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Samuel Huntington

The Fundamentalists

What do Saudi Arabia and America have in common? Why, religion of course. Hinterland faiths are on the rise, and there’s nothing the Western humanists can do about it.


The Israel lobby controversy shows how some substitute character assasination for serious debate.  American national interests suffer.

The Neoconservative Moment

Charles Krauthammer's "democratic globalism" fails as a guiding principle of foreign policy and creates more questions than answers.

EuroIslam: The Jihad Within?

Islam in Europe is being transformed from diaspora to "universal" forms. The latter portend a rise of radicalism and terrorism within the EU.

The Unipolar Moment Revisited

As the "unipolar moment" stretches out into an era, its opportunities and vulnerabilities both come clearer a dozen years after its conceptual coinage.

The Present Opportunity

We still live in a dangerous world, but the tenure of U.S. primacy depends less on reacting to threats than on pursuing the opportunities before us.


Marxists in the State Department

U.S. foreign policy seems to assume economic factors trump culture, religion, and nationalism.

Tunisia and the Clash Within Civilizations

The killing of an opposition leader highlights thunderous struggles within the Arab world.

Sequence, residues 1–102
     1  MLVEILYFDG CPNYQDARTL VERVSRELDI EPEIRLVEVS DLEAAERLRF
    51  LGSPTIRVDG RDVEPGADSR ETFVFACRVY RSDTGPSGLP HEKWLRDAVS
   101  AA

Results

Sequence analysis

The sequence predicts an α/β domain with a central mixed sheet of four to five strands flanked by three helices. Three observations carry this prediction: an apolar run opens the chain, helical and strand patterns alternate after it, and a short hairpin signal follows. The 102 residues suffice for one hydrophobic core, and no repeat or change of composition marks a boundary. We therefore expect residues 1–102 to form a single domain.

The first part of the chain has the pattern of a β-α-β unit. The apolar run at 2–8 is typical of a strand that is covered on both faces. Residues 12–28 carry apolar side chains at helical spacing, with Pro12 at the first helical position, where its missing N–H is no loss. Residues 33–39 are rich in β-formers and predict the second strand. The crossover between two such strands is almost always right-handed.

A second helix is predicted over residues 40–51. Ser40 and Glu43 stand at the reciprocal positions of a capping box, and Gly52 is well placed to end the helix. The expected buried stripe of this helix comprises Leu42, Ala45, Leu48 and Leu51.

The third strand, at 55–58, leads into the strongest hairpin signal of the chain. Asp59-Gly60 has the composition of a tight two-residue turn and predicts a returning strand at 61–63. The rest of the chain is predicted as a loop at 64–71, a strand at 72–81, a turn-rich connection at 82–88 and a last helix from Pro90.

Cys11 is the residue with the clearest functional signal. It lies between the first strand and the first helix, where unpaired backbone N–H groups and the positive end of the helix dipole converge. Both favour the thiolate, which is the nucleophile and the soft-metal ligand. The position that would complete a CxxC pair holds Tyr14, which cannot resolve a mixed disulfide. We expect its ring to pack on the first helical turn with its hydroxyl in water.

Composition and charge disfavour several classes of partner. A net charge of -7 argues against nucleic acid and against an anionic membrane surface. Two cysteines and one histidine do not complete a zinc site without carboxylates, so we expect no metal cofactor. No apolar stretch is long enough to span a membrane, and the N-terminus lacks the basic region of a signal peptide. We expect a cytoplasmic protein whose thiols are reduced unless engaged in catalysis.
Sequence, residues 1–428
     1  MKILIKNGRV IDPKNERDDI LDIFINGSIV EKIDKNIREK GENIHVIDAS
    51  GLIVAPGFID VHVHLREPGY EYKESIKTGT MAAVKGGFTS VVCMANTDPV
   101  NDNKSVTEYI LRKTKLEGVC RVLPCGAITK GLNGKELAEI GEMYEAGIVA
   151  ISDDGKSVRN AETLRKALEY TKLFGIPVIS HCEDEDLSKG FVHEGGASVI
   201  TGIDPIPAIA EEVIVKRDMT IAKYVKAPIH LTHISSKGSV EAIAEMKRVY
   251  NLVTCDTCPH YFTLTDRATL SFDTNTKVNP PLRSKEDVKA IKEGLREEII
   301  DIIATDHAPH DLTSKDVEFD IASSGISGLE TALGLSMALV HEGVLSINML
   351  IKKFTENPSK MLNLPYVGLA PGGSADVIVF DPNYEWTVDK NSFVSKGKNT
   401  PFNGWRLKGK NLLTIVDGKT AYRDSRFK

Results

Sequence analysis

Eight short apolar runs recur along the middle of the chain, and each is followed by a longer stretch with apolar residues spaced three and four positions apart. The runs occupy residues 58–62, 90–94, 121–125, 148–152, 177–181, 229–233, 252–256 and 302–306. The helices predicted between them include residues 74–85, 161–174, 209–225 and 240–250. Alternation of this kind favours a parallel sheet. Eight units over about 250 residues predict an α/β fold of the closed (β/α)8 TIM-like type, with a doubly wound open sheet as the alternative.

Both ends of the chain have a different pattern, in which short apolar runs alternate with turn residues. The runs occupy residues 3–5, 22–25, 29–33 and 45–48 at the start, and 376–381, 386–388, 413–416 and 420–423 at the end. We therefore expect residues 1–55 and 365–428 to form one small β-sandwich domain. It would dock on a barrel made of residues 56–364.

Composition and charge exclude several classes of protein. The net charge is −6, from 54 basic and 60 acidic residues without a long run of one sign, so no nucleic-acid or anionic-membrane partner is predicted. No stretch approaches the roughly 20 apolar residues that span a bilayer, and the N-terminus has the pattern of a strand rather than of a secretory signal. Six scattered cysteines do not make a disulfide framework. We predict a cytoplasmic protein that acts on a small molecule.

Israel's Bogeyman

The campaign against Chas Freeman was a waste of time. People concerned about Israel’s safety should worry about Iran, not some minor bureaucrat.


Is America on the Ropes?

Is Obama personally responsible for America's decline?

The Destruction of America

America's infrastructure is crumbling. Will Americans' ingenuity and nerves be next?

Books & Reviews

Stifling the Debate?

Perhaps the most important argument made by John Mearsheimer and Stephen Walt in their new book concerns the impact of the lobby on the political discourse in the United States.

Missing the Point

Mearsheimer and Walt fail to capture the realities of policy formation.

Flawed but Still Important

Mearsheimer and Walt should have included more field work in their research. Yet their book still deserves to be read and discussed.

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April 17, 2014